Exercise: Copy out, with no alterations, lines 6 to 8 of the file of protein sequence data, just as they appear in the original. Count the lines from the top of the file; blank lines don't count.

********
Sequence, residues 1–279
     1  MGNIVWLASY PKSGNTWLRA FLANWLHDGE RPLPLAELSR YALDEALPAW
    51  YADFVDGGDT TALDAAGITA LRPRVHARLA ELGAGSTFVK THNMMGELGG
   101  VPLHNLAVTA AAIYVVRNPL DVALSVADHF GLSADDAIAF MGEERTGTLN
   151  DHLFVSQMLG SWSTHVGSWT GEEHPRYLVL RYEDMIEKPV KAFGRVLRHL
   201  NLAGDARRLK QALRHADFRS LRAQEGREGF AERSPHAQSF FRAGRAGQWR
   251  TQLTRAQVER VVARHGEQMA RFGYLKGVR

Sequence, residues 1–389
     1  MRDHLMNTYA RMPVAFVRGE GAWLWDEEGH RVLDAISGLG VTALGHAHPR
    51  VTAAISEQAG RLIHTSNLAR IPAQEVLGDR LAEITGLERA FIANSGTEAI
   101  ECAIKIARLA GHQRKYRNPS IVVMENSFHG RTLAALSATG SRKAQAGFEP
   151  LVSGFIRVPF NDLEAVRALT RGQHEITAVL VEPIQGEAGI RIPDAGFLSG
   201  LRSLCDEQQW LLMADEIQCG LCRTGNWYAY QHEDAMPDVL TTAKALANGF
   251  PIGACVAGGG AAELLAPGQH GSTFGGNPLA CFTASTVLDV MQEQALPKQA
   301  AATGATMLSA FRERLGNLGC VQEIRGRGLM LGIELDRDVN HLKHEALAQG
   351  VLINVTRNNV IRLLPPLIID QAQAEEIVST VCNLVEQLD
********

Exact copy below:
   201  NLAGDARRLK QALRHADFRS LRAQEGREGF AERSPHAQSF FRAGRAGQWR
   251  TQLTRAQVER VVARHGEQMA RFGYLKGVR

Sequence, residues 1–389